As the courts work their way through claims against ID and other voting restrictions, they continue on a course of “softening” voting impediments but not eliminating them altogether. They remain reluctant to deny states the authority to enact rules, on virtually non-existent evidence, to protect against in-person voter fraud. Remedies are then fashioned that provide relief to voters facing a “reasonable impediment” to voting but the question has been legitimately raised: how much of an impact can these sorts of measures be expected to have?

Like the right to a provisional ballot provided for under HAVA, these other remedies– like accommodating indigent voters with access to cost-free identification–help voters, but only a limited number. The reach and effectiveness of these measures depend upon the states’ performance of their obligations: the information they provide to voters, and the good faith and competence with which they administer the remedies. The same may be true of more robust remedies, like the option recently ordered for Wisconsin, affording access to an affidavit alternative to documentary identification.

Still “softening” is useful. Political actors—notably, parties and presidential campaigns–and nonprofit voting organizations have dramatically improved upon their capabilities in effectively advising voters about remedial options and assisting them in exercising them. Voters are not, then, entirely dependent upon state officials for help. In successive election cycles, the effectiveness of these partisan and nonprofit voter protection programs has improved, each rebuilt successfully on the experience of the last.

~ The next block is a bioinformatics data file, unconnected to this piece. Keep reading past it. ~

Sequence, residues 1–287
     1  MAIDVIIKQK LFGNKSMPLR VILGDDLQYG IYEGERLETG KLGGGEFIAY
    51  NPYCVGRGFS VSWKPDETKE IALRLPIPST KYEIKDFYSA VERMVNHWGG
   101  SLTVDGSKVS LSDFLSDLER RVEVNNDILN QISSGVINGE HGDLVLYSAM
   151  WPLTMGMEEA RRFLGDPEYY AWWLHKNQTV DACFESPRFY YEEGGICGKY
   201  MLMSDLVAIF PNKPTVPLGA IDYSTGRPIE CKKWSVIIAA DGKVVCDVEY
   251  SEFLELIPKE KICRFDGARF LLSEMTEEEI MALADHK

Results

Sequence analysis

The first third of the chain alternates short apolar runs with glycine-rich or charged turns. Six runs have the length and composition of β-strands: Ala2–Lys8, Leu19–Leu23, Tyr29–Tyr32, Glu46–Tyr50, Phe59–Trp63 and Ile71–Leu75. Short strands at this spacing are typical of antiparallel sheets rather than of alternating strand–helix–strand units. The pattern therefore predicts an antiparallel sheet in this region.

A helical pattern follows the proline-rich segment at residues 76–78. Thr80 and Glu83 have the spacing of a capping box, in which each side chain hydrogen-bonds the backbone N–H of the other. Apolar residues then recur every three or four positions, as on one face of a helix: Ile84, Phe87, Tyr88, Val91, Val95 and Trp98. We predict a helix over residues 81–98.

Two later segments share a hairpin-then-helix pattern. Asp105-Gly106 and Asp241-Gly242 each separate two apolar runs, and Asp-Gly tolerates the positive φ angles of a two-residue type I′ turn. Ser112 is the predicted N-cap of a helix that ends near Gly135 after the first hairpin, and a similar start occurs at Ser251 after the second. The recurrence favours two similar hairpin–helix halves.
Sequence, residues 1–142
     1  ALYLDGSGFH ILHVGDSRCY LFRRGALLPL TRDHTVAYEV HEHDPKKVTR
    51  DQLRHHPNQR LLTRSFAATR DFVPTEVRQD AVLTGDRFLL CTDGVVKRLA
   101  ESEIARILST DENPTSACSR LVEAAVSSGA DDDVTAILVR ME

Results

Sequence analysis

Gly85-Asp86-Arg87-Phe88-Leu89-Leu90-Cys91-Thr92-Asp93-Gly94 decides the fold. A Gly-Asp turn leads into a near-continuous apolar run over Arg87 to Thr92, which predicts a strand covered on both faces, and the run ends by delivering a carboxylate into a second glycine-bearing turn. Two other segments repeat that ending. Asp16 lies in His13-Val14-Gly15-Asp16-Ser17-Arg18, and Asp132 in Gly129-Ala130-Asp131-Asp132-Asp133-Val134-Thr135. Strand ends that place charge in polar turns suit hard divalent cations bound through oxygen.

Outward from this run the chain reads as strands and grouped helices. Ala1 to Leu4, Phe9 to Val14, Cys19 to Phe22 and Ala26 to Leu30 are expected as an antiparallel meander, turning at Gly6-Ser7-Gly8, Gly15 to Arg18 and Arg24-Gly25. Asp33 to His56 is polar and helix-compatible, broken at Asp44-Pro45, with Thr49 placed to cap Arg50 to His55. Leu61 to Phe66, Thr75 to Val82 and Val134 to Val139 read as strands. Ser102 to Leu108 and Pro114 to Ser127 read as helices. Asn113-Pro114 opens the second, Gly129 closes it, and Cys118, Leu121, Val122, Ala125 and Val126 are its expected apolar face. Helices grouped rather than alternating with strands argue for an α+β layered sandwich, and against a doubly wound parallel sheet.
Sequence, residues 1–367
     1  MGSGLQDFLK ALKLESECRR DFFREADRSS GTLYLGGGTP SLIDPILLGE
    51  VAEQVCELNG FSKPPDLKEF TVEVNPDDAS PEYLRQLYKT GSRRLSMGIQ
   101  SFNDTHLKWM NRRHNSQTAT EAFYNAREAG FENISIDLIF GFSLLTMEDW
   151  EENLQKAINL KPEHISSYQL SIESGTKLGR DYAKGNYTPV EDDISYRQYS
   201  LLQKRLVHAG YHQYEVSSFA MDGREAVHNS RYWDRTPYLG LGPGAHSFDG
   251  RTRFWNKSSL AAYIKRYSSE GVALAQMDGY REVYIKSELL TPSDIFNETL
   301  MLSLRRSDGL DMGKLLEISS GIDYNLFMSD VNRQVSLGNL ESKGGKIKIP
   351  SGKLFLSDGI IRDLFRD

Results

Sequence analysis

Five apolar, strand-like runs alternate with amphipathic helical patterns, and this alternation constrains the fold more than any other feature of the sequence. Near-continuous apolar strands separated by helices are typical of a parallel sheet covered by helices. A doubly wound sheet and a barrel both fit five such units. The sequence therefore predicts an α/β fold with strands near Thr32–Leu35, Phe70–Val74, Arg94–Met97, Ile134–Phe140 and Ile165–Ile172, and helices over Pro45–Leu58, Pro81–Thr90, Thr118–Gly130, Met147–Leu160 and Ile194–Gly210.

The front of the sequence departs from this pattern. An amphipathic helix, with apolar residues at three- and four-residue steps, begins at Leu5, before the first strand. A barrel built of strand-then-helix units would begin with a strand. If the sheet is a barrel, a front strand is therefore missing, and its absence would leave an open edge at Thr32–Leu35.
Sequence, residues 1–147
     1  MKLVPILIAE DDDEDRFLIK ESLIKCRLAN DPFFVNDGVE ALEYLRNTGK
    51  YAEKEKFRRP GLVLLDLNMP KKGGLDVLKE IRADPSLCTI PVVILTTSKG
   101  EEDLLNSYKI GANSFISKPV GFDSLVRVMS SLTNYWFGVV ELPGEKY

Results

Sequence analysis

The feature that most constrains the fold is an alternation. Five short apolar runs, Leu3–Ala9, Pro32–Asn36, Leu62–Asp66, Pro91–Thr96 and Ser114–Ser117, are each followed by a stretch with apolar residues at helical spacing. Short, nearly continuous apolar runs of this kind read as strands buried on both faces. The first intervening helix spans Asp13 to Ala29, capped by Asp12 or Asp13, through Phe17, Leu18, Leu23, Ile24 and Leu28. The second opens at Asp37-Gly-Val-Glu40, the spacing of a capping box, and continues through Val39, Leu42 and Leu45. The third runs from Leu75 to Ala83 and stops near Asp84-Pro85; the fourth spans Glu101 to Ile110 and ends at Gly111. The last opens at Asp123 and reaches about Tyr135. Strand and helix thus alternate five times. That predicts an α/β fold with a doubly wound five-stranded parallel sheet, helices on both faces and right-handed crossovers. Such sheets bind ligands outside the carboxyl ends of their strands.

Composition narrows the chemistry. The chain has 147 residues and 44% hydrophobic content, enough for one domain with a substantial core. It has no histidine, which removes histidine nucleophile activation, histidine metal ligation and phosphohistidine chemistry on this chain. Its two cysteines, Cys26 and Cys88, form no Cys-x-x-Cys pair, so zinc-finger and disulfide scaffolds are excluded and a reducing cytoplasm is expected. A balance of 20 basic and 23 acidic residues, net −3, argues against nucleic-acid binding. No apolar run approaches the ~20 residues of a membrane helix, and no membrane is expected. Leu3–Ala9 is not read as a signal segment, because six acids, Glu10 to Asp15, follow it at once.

Moreover, and maybe most important, the experience with softening and its limits will contribute to a record on which more expansive judicial relief can be sought. Softening is an inevitable step for courts reluctant to challenge state prerogatives in structuring their elections, including protecting against fraud, but increasingly alert to the proliferation of new burdens imposed on voters. Judges have to contend with problems like the Supreme Court’s misconceived opinion on ID in Crawford. They are working around the problem, for the moment, with “softening.” But with time and experience, the limits of those measures in alleviating major burdens on voters are coming clearly into review. The developing record of this inadequacy will strengthen the hand of voting rights advocates in pushing the courts—and the law–toward more comprehensive relief.

Courts moving in this direction will have the benefit of fresh thinking about state-imposed voting burdens, such as Sam Issacharoff’s “emerging rule of reason” and a “balancing test” proposed to similar effect by Rick Hasen. Each of them calls for dispensing with a complex and largely futile inquiry into motive and asking fundamental questions abut the adequacy of a State’s justification for burdening voting rights. The experience of recent years suggests that these justifications have been weak, and the lessons learned from contemporary voting rights struggles will eventually lead the courts to attack these restrictions more frontally and decisively, not just at the margins and only “softly.”

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